Read our COVID-19 research and news.

Cutting edge. In ancient sediments near Kenya's Lake Turkana, archaeologists have found stone hand axes dating to 1.76 million years ago—the oldest examples yet found of the Acheulian stone-tool technology.

P. J. Texier copyright MPK/WTAP

Why Did Early Humans Leave Africa Without the Latest Gadgets?

People love to get their hands on the latest and greatest technology, and scientists had long believed that early humans were no exception. Paleontologists theorized that our ancestors didn't start leaving Africa until they had developed advanced hand axes. But a new study finds that early humans began to migrate out of the continent with more primitive tools even though better technology had been invented.

Over time, various groups of ancient humans have made various types of stone tools. The oldest and most rudimentary instruments—sharp-edged stones created by banging rounded rocks against larger stone "anvils"—belong to the Oldowan culture, dating back to about 2.6 million years ago and persisting to about 1.7 million years ago. From the Oldowan, a more complex tool culture developed called the Acheulian about 1.6 million years ago. These are more complicated tools, such as teardrop-shaped hand axes, created by striking carefully selected stones with other rocks called hammerstones. These tools were useful for a wider range of tasks than the Oldowan ones. It was the Acheulian culture that first spread farthest around the globe, and it persisted until about 100,000 years ago.

Paleontologists used to think that humans didn't start leaving Africa until they had developed the advanced Acheulian tools. But recent discoveries of Oldowan tools in Dmanisi, Georgia, indicate that some of our prehistoric relatives must have left Africa with just a primitive toolkit. The new discovery, however, suggests that at least some of our African ancestors had better tools to chose from.

On the northwest shoreline of Kenya's Lake Turkana, at a site known as Kokiselei, researchers previously found both Oldowan and Acheulian tool types in the same 1.76-million-year-old sediments. The tools were located in a series of gravel, sand, and mudstone beds and included picklike tools, basic hand axes, and broken pieces of stone left behind in the tool-making process. (Just who made the tools is unclear from the archaeological evidence alone, though our relative Homo erectus is identified as the likely creator of at least the Acheulian tools.) The new research pins down a new geological date for the site.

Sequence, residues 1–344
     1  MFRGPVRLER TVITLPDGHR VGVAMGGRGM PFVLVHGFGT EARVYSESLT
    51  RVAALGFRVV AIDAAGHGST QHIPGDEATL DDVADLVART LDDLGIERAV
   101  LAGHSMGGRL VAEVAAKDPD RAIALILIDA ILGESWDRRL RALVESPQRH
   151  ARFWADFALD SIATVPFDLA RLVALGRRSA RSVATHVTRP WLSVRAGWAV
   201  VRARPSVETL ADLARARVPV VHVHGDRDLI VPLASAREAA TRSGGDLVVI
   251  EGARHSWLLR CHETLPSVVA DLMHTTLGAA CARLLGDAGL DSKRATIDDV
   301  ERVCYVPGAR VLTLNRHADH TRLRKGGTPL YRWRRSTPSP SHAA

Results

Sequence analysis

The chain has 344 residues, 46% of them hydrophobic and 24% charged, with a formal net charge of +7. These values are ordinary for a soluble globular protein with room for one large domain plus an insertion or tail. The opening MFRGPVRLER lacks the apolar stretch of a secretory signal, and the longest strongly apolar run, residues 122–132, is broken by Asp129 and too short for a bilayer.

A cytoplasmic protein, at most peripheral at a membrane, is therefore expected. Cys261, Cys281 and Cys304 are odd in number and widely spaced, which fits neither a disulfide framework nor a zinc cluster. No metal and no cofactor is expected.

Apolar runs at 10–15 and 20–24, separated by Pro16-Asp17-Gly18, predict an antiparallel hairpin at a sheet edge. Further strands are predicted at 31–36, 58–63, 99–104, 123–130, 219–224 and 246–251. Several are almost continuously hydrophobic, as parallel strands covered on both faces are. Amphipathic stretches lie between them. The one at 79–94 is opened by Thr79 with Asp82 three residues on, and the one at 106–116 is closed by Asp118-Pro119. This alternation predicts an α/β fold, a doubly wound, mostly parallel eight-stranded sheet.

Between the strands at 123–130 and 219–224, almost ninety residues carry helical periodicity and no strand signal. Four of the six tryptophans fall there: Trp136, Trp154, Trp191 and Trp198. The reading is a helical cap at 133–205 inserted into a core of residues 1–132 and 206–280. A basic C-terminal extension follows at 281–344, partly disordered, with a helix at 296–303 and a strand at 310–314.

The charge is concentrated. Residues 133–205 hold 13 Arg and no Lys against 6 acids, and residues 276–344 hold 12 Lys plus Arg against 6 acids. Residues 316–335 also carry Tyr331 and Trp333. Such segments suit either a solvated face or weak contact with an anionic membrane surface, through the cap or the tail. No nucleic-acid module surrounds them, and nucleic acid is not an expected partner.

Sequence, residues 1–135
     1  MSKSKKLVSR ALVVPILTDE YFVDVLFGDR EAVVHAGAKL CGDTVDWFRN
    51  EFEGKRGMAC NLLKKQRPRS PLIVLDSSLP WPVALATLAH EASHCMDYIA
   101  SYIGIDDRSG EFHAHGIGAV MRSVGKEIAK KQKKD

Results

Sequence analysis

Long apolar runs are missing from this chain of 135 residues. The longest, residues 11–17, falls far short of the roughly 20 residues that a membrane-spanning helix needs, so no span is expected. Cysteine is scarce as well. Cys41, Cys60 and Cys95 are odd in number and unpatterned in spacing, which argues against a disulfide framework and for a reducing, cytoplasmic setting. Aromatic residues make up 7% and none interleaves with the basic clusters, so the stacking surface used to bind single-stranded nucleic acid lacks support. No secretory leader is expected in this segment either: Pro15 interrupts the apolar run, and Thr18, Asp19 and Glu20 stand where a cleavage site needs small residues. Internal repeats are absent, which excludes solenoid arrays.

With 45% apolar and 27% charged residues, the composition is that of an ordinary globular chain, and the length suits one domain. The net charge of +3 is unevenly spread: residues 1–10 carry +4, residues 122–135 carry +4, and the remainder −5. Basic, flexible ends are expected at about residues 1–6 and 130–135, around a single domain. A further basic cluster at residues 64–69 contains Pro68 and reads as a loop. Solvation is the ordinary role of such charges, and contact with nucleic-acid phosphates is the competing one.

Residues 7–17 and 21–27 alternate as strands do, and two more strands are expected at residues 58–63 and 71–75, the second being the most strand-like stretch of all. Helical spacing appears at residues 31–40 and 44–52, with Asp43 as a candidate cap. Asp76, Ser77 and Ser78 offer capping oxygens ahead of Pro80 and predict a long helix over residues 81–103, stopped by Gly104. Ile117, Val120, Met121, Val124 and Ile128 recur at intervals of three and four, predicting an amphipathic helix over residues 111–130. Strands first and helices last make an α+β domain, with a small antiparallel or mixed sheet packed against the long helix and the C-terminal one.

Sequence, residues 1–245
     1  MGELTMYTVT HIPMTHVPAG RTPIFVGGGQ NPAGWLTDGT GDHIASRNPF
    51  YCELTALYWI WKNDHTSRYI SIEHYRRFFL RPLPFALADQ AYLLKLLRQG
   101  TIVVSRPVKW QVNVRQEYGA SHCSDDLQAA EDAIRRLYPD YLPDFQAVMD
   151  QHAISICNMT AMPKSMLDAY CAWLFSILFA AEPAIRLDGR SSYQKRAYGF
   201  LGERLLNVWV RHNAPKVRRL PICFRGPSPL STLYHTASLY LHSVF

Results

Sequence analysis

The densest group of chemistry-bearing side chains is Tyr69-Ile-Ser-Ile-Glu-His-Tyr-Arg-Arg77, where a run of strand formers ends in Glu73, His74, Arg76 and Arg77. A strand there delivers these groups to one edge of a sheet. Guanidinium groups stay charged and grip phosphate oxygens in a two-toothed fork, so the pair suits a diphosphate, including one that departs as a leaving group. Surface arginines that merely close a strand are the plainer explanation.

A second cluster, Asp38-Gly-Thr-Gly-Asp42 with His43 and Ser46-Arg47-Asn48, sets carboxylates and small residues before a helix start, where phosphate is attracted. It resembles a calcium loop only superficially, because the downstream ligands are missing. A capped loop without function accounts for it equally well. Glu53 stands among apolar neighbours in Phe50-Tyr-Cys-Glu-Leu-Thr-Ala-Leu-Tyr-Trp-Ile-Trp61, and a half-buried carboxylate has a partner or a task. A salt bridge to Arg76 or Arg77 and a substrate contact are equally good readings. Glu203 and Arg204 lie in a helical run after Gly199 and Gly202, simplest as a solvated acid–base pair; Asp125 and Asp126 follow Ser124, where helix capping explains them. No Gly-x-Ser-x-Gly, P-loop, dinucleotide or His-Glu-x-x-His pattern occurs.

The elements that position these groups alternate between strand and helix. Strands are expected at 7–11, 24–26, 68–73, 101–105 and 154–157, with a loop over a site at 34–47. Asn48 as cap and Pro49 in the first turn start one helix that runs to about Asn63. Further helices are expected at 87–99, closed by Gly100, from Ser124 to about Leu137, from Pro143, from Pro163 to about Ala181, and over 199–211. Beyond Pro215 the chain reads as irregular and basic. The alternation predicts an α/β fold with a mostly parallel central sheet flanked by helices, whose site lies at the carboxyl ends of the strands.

The date pushes back the origin of the Acheulian culture by almost 200,000 years, the team reports online today in Nature. And that means that advanced hand axes had already been invented when humans first started leaving Africa, says the study's lead author, geologist Christopher Lepre of the Lamont-Doherty Earth Observatory in Palisades, New York.

"It seems that the Acheulian culture branched off from the Oldowan while the Oldowan was still being used," he says, "and both persisted contemporaneously for a period."

So why did early humans leave home without a better toolkit? That is a mystery, but it may have something to do with the way knowledge of how to make the tools was transmitted from group to group. Even though the Acheulian tools had been invented, those who made them may have perished without passing on their skills, meaning that another group may have had to reinvent the same tools thousands of years later. Likewise, because some populations were already leaving Africa, it would have taken time for the skill to spread in Africa before being carried elsewhere.

"Novelties like blade tools and bows and arrows may have been invented and reinvented many times over," and, therefore, "we cannot be sure that the tools found at Kokiselei were really the beginning of the establishment of the Acheulian," says anthropologist Chris Stringer of London's Natural History Museum, who was not involved with the study. The Kokiselei tools may have been an early experiment that did not catch on, and, if this is the case, another, later population of humans stumbled upon the same technology and more successfully transmitted that knowledge to other pockets of prehistoric people, about 1.6 million years ago. The hand ax and other Acheulian artifacts at Kokiselei may have been tools before their time.